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litany

litany (lĬt´ənē) [Gr.,=prayer], solemn prayer characterized by varying petitions with set responses. The term is mainly used for Christian forms. Litanies were developed in Christendom for use in processions. In the West there were traditionally four days for these processional litanies, the Rogation Days. The Eastern liturgies make frequent use of litanies, recited by the deacon; the response is usually "Lord, have mercy." The Kyrie eleison is a relic of such a litany. In the Roman Catholic Church the one liturgical litany, the Litany of the Saints, dates from the 5th cent. substantially. Modeled after it are a number of nonliturgical (i.e., nonprescribed) litanies, of which the following are authorized: Litany of the Holy Name of Jesus (15th cent.), Litany of the Blessed Virgin Mary (or of Loreto; 16th cent.), Litany of the Sacred Heart, and Litany of St. Joseph. The litany in the Anglican Book of Common Prayer is much like the Litany of the Saints. Moravian and Lutheran liturgies also use litanies.

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litany

lit·a·ny / ˈlitn-ē/ • n. (pl. -nies) a series of petitions for use in church services or processions, usually recited by the clergy and responded to in a recurring formula by the people. ∎  a tedious recital or repetitive series: a litany of complaints.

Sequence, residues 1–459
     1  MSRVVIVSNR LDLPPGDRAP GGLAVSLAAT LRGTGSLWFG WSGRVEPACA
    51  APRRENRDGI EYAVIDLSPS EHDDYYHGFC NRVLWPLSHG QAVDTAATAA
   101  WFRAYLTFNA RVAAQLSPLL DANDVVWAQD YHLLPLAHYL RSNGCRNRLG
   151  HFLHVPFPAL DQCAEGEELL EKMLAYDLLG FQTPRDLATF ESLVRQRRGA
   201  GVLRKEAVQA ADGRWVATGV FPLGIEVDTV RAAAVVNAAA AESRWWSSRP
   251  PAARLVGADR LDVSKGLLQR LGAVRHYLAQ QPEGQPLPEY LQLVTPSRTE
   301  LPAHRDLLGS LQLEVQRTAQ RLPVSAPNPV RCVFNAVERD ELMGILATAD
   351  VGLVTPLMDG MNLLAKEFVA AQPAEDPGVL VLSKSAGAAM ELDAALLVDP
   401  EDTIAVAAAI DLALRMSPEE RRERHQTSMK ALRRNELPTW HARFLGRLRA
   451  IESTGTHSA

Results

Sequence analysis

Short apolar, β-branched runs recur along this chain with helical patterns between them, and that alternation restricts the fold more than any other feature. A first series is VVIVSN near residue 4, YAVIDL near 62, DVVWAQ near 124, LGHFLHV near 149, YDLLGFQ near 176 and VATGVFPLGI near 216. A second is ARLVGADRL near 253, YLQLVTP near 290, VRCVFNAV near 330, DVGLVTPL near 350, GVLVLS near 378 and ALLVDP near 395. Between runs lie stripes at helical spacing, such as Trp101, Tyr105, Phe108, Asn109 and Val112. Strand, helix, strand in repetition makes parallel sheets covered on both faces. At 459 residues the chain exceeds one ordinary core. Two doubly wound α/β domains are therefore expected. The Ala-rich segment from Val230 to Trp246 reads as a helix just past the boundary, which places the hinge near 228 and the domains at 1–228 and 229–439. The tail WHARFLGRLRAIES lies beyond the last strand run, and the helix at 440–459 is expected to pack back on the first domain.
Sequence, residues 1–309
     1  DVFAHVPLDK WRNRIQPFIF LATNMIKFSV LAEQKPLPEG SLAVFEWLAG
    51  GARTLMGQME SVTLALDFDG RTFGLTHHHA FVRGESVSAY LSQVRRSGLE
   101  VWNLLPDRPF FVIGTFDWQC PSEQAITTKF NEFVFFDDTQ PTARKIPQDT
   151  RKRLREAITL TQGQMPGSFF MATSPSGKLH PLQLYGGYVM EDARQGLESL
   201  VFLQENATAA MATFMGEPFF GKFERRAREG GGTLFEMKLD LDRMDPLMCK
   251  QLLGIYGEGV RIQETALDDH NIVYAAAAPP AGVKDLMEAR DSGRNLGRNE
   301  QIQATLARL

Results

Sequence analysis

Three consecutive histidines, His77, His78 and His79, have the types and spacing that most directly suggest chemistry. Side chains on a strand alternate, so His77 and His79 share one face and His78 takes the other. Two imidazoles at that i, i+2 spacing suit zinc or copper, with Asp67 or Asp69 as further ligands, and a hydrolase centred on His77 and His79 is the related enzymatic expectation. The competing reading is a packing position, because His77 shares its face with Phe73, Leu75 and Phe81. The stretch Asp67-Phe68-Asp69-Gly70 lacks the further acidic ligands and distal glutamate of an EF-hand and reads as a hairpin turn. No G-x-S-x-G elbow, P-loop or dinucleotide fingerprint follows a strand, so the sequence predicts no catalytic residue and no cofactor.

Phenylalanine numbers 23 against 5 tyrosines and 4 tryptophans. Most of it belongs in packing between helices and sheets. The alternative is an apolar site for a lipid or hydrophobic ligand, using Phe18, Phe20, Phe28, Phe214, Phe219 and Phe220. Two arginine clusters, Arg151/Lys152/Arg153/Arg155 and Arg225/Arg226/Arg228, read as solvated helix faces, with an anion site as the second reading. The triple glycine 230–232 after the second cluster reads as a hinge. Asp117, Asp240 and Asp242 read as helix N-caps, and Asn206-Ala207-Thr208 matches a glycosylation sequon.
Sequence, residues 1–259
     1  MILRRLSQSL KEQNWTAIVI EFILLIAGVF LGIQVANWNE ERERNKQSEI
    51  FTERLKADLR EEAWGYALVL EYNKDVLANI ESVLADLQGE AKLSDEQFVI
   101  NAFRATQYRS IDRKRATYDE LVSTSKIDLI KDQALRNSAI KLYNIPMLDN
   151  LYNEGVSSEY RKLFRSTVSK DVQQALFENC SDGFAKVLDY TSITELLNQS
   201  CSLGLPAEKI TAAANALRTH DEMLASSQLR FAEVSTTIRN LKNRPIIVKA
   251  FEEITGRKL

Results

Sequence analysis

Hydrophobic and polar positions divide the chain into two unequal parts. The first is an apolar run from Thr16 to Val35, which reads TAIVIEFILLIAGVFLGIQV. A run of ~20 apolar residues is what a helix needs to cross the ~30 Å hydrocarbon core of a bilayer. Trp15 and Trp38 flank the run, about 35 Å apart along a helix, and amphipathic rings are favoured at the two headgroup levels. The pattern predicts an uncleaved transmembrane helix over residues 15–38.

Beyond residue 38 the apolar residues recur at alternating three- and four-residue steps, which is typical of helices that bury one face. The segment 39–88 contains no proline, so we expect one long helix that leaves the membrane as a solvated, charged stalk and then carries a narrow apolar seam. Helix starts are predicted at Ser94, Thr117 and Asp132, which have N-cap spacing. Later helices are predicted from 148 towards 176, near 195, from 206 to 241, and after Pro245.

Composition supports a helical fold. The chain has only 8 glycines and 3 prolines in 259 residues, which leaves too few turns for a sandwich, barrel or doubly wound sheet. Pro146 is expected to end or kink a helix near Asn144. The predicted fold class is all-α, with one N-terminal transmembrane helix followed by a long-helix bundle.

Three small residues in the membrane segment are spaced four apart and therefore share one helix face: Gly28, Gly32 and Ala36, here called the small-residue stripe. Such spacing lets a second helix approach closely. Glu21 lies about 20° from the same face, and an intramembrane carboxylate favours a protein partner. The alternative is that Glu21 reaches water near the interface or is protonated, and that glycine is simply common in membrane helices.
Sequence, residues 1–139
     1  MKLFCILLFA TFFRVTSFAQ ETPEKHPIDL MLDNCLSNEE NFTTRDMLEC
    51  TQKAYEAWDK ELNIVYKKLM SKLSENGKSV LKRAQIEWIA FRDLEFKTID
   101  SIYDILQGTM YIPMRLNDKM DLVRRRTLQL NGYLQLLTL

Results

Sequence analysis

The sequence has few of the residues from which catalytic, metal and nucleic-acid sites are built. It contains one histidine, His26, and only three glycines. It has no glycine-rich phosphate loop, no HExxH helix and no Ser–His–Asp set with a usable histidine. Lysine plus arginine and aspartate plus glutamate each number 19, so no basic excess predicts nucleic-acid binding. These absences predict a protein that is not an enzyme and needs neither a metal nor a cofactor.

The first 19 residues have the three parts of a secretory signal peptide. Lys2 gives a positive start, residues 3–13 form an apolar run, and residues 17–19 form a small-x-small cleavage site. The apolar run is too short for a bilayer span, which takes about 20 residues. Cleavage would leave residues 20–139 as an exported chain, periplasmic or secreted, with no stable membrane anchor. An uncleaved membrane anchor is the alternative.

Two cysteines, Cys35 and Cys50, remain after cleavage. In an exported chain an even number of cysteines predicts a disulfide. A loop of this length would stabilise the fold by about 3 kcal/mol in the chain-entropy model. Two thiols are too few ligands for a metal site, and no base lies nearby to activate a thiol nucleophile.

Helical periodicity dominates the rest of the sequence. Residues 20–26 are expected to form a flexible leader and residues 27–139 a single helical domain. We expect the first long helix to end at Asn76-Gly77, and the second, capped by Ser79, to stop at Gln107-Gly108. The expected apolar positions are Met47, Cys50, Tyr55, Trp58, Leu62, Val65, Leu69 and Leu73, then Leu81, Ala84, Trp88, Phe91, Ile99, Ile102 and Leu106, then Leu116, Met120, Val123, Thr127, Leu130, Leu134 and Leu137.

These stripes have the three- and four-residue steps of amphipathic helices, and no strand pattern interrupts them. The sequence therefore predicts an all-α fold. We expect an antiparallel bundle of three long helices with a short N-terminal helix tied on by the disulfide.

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litany

litany liturgical form of supplication. XIII. ME. letanie (later assim. to L.) — OF. letanie (mod. litanie) — ecclL. litanīa — Gr. litaneíā prayer, entreaty, f. litanós suppliant, f. lité supplication, litésthai entreat.

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litany

litany. Christian prayer for supplication—'Deliver us, O Lord’, etc.—often set to mus. Sometimes the title of instr. works, e.g. Fricker's Litany for double str. orch.

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Litany, the

Litany, the in the Christian Church, a series of petitions for use in church services or processions, usually recited by the clergy and responded to in a recurring formula by the people.

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Litany

Litany (Gk., ‘supplication’). A form of prayer, often addressed to God, but also to the Virgin Mary or to saints, made up of a series of petitions.

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litany

litanyLéonie, peony •Tierney •Briony, bryony, Hermione •tourney • ebony • Albany •chalcedony • Alderney •Persephone, Stephanie, telephony •antiphony, epiphany, polyphony, tiffany •symphony •cacophony, homophony, theophany, Zoffany •euphony • agony • garganey •Antigone •cosmogony, mahogany, theogony •balcony • Gascony • Tuscany •calumny •felony, Melanie, miscellany •villainy • colony •Chamonix, salmony, scammony, Tammany •harmony •anemone, Emeny, hegemony, lemony, Yemeni •alimony, palimony •agrimony • acrimony •matrimony, patrimony •ceremony • parsimony • antimony •sanctimony • testimony • simony •Romany • Germany • threepenny •timpani • sixpenny • tuppenny •accompany, company •barony • saffrony • tyranny •synchrony • irony • saxony • cushiony •Anthony • betony •Brittany, dittany, litany •botany, cottony, monotony •gluttony, muttony •Bethany • oniony • raisiny •attorney, Burney, Czerny, Ernie, ferny, gurney, journey, Verny

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